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A Search for Answers
When asked why he has chosen a philosophy major with a math minor, sophomore Robbie Leeds says: “We’re all trying to find things to do, and it’s interesting to go deeper.” He pauses, canting forward in his chair. His blue eyes widen. “There’s a point in a conversation where you’ll break into something. Everything can’t be explained just in words. You start getting into things that aren’t necessarily real...”
He cites the 1998 book The Case for Christ as a landmark in his personal development. The author, a former legal journalist named Lee Strobel, reassembles the answers collected from Christian scholars during his previous search for “evidence” proving the reality of the gospels. This work led to his 1981 conversion from staunch atheist to evangelical pastor and bestselling Christian apologist. “I’ve read that book a couple of times,” Robbie says. “It’s really been pretty significant, to help me figure myself out.”
Born in Concord, Massachusetts, the cradle of American Transcendentalism – Emerson, Thoreau, Alcott -- but raised mostly in Nashua, N.H., Robbie early on felt the need for introspection, for finding answers to his questions, and decided to transfer to a Catholic high school. After some years of thinking and learning, the 19 year-old has come to the preliminary conclusion that he is not religious, but wants to lead a righteous, honorable, and useful existence. He says he is still deciding “how I want to live and where I want to live. I want a lifestyle, not a job.”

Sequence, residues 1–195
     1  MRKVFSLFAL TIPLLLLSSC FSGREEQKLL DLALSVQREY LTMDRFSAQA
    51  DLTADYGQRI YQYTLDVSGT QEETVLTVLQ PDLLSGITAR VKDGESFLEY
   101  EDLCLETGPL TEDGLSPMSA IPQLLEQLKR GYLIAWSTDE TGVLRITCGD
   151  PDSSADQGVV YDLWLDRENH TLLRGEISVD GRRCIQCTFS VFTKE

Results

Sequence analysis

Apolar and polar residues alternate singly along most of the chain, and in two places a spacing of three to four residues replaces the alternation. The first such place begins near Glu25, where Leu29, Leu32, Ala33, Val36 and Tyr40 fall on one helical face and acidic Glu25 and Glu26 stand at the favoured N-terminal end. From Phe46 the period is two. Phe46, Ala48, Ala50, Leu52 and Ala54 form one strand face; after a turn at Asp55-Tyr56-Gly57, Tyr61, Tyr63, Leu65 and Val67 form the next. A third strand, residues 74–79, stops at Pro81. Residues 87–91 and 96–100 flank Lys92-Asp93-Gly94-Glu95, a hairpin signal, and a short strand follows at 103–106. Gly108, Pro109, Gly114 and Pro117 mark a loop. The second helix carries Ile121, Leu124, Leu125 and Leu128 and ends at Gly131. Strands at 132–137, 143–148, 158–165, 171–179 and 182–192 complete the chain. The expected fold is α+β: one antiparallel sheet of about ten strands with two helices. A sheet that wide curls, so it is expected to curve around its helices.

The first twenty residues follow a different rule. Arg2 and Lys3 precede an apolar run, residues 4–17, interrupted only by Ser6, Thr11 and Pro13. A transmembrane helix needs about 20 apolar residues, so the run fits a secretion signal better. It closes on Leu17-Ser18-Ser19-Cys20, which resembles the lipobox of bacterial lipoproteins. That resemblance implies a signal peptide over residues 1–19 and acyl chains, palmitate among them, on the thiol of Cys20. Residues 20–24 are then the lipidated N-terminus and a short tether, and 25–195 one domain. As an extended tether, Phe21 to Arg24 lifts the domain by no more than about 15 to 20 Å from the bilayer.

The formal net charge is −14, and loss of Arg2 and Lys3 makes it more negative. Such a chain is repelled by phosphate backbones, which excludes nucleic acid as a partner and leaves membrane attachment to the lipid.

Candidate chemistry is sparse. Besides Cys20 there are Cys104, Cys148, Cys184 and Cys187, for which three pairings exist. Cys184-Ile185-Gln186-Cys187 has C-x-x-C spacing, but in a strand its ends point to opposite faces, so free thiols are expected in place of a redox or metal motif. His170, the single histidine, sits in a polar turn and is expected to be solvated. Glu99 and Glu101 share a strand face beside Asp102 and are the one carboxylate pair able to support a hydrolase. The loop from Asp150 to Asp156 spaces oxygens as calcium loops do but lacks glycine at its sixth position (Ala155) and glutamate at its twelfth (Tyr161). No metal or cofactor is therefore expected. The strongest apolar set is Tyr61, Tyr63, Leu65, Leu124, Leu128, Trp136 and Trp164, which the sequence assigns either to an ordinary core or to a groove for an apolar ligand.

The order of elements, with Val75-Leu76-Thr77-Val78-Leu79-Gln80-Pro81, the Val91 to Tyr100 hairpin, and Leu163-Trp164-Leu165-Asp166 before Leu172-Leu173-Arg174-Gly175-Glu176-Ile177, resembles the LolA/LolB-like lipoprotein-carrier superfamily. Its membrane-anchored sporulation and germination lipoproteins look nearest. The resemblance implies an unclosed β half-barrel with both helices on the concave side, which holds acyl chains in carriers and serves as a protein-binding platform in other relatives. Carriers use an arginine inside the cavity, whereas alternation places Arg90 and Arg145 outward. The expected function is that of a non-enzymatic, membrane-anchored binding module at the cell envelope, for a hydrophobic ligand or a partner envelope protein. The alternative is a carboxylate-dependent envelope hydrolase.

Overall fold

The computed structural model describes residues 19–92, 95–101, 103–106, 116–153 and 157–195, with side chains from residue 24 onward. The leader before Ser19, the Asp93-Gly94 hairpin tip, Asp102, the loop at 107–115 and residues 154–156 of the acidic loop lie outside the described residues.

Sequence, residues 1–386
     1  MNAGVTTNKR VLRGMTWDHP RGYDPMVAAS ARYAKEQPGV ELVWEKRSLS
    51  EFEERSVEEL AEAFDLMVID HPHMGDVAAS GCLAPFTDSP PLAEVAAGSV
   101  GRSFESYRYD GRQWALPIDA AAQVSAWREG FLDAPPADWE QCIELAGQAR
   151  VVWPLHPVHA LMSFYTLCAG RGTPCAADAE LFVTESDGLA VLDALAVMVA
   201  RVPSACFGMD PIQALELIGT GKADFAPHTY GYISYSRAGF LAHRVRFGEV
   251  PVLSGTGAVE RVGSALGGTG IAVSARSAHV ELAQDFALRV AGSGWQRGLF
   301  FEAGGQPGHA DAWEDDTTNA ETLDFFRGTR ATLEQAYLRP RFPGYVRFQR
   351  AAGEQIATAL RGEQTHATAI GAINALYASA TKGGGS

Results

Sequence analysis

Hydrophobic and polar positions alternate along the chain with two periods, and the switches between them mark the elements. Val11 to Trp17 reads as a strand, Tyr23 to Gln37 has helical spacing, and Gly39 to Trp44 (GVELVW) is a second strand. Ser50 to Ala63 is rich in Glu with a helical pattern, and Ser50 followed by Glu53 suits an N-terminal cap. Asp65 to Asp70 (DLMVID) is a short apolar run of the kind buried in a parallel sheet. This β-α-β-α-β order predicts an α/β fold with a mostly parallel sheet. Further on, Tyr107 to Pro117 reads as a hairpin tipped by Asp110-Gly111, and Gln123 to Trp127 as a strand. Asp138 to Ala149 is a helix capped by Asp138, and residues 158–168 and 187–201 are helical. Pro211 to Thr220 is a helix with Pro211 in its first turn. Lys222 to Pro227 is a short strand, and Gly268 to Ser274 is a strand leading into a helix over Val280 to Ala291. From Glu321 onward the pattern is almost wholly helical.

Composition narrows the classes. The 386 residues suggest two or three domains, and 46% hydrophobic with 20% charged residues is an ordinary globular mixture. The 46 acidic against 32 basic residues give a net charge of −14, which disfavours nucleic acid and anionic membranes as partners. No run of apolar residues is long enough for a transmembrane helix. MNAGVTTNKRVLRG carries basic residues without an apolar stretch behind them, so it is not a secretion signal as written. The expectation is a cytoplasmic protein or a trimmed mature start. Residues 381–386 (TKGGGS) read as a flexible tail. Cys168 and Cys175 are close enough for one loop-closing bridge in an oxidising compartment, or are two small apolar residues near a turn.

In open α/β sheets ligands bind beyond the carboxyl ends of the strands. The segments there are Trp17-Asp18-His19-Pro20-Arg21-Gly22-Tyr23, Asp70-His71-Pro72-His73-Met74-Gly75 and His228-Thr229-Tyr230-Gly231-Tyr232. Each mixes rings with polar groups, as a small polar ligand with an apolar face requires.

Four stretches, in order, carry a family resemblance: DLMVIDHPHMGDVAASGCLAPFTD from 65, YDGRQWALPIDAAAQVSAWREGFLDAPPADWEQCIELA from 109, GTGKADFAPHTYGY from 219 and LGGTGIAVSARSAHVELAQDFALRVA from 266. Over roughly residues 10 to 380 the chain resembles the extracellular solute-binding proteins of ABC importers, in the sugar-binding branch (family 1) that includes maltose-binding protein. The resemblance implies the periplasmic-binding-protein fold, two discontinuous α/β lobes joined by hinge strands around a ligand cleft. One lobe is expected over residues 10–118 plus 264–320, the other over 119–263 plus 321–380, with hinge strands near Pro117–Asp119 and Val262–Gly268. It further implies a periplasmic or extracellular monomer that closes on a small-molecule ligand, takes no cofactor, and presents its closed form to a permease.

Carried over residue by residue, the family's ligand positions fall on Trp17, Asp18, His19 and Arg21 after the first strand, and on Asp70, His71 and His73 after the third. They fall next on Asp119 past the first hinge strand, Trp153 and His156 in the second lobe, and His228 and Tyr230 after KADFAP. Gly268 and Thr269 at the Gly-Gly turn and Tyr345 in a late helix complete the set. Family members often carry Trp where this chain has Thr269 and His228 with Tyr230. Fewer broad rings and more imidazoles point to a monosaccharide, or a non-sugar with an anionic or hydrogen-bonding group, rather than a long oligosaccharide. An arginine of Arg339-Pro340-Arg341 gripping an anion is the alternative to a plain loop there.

One thing he knows for sure is he loves Green Mountain College. The school has awakened the community activist and visionary in him. The Ultimate Frisbee stalwart is a former Images of Nature TA, current student senate treasurer-- where his skill with numbers keeps student interests financially viable -- and a volunteer tour guide. He is also an active farm crew member chest deep in two projects: building a cobb oven adjacent to the Cerridwen farm greenhouse - which needs only good clay, clear weather and a few new volunteers to see it through to completion - and establishing a local food cooperative on Main Street in Poultney.
The co-op project has been passed down from two former students who put together a business plan. Now, Robbie is working with local families and GMC’s D.E.E.P. scholars to gather information and apply for grants. A co-op would be a boon to the school farm, local farmers, and especially community members, Robbie points out, many of whom have long yearned for a closer alternative to Rutland, Middlebury, and Middletown Springs. “They are very passionate about having it in town,” Robbie says. “I bring them my time and energy.”
By Ryan Dixon '11